Rat Tales From Around the World

Rats have pretty bad press, none of which was helped by the Black Death. Still, where there are people, there are rats; likewise, where there are people, there are folktales and myths, and thus our pestilent rodent companions have burrowed their way into almost every culture. Here, then, are a small, non-representative sampling of rat tales from around the world.


Europe: The Rat King

Rat King
Rat king from Dellfeld, Germany, found in 1895. Currently on display in the Musée zoologique de la ville de Strasbourg, France.

What makes the Rat King truly disturbing is that isn’t fictional at all; finding a “wheel of rats” was a reality for many Europeans, and it typically was seen as a bad omen….

A harbinger of the plague.

It was also a slanderous insult: for instance, Martin Luther, the most celebrated figure behind the Protestant Reformation, frequently used the term to describe the Catholic Pope.

Another interesting bit of folklore trivia: the novella that Tchaikovsky based The Nutcracker on, E. T. A. Hoffmann’s The Nutcracker and the Mouse King, featured a “Mouse King”, or Mausekönig, which was a multi-headed mouse, a variant on the Rat King.


India and Southeast Asia: Mooshika and Ganesha

In Hindu cultures, which are present through-out Southeast Asia, one of the most popular deities is the elephant headed Ganesha.

Bronze Ganesha; note the creature at the bottom right.

Ganesha creates and removes obstacles, which makes Him an embodiment of paradoxes.

Given that, what could possibly make a better ride than a mouse? After all, aren’t elephants supposed to be scared of these critters?

Apparently, not Ganesha. His Vahana, or vehicle, is named Mooshika, and he is a rat…

Mooshika, Ganesha’s Vahana (vehicle)

Incidentally, a Mooshika/Mushika kingdom existed in South India for quite a while; they’re even mentioned in the epic poem the Mahabharata. Their last related representatives are the Travancore dynasty, who have made several unwanted guest appearances on Ancient Aliens due to a mysterious, still sealed vault at the base of one of the many temples they built, the Padmanabhaswamy Temple…

vault b
Are there Ancient Aliens/Rats/Pots of Gold hiding behind vault B? We may never know…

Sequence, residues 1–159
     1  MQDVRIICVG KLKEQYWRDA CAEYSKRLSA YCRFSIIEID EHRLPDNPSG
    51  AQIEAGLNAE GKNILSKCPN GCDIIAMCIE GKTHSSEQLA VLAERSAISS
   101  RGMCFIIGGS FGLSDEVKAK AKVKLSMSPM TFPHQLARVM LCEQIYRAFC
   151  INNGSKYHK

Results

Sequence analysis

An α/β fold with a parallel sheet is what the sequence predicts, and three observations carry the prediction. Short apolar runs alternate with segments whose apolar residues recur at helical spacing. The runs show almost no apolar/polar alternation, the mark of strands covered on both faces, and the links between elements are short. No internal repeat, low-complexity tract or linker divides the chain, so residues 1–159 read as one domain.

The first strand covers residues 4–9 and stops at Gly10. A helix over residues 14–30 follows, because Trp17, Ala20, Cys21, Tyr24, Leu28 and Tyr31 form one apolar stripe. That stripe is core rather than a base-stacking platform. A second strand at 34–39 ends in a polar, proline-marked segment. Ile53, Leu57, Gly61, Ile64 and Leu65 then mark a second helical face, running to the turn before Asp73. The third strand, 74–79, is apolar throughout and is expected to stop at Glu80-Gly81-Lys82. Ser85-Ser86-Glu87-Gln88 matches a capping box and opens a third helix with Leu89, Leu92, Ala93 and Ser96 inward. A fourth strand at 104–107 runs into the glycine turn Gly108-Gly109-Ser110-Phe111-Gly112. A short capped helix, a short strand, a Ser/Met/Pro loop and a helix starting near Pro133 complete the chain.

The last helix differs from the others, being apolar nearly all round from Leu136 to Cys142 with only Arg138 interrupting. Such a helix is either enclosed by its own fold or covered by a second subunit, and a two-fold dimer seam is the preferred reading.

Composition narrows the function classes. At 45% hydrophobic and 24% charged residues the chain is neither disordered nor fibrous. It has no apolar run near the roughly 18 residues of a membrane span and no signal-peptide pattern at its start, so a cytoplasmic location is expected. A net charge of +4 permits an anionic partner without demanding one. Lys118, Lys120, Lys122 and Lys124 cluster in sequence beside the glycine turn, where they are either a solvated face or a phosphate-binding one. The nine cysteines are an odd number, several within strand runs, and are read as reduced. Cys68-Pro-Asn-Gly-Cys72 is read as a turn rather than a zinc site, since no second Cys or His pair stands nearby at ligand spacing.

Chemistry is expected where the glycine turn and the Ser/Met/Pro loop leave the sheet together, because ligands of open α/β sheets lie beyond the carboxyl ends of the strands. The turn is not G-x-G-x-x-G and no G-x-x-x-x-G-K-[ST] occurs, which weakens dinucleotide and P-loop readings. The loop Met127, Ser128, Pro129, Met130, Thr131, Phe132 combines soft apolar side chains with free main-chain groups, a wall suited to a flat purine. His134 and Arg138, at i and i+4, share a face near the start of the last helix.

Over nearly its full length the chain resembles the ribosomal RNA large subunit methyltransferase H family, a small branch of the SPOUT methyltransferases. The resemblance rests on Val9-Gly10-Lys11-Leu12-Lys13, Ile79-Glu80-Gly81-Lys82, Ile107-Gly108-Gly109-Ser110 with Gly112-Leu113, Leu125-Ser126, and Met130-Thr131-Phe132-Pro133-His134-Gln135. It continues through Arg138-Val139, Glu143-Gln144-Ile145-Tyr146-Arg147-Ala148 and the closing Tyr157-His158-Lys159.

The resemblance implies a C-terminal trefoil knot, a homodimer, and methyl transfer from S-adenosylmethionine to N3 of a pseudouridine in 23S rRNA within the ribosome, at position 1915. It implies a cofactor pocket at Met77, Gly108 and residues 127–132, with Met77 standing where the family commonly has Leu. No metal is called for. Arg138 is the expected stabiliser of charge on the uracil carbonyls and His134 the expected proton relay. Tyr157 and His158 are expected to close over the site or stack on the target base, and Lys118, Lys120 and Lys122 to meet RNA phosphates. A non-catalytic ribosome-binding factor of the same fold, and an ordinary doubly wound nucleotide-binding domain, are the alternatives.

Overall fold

China: Cats and Rats and Zodiacs

One notable animal not in the Chinese Zodiac is the Cat. The Rat, on the other hand, starts of the procession:

Image of Chinese Zodiac, ceiling of the gate to Kushida Shrine in Fukuoka

So where is the Cat?

Apparently, when the Jade Emperor was preparing the zodiac, all of the animals were invited. The Rat either let Cat sleep in, or in a more malicious telling, pushed the Cat off of the Ox’s back while they were crossing a stream to get to the Jade Emperor’s palace. Either way, the Rat got there first, and the Cat never made it.

And that explains the relationship between cats and rats…


Japan: The Rat King’s Daughter

The Rat King was very proud of his daughter, whose beauty was unquestioned. Therefore, he wanted to find her the most suitable husband.

She, on the other hand, was enamored with the Old Grey Rat.

This, of course, would not do for his precious princess.

And so, he started searching for a perfect match.


After much consultation with his advisors, he decided that the Sun was a worthy husband, and so he approached the Heavenly Light.

The Sun smiled, and pointed out that the Clouds were mightier than him, since they could block him out.

“Hmmm…” thought the Rat King.


The Rat King then went to the Clouds, offering his fair daughter as a bride.

The Clouds smiled, and then pointed out that the Winds were stronger, since they moved the Clouds.

“Hmmm…” thought the Rat King.


The Rat King then proceeded to the Winds.

“Sorry,” replied the Winds. “The Walls of Man are greater than me, since I can’t blow them down.”

“Hmmm…” thought the Rat King.


The Rat King went to the Walls, expecting to finally marry off his daughter.

The Walls benevolently pointed out that there was one who was even greater.

The Old Grey Rat, because even the mightiest wall can be undermined by a Rat.

The Rat King sighed and allowed his daughter to marry the Old Grey Rat who she had desired all along.


What’s the takeaway?

Nothing. Rats are still awful critters.

An example of a terrifying Rat, somehow still copyrighted by the people who now bring you Star Wars.

2 thoughts on “Rat Tales From Around the World

  1. Hi, very useful information, thank u for sharing, I have a doubt: Where does this quote comes from, Are there Ancient Aliens/Rats/Pots of Gold hiding behind vault B? We may never know…? , do you have the text in pdf?

    1. Here are a few links:

      from Forbes: A One Trillion Dollar Hidden Treasure Chamber is Discovered …


      From the Times of India:


      And finally, the New Yorker:


      There’s also an ancient aliens episode which I’ll try to track down.

      Happy hunting!

Leave a Reply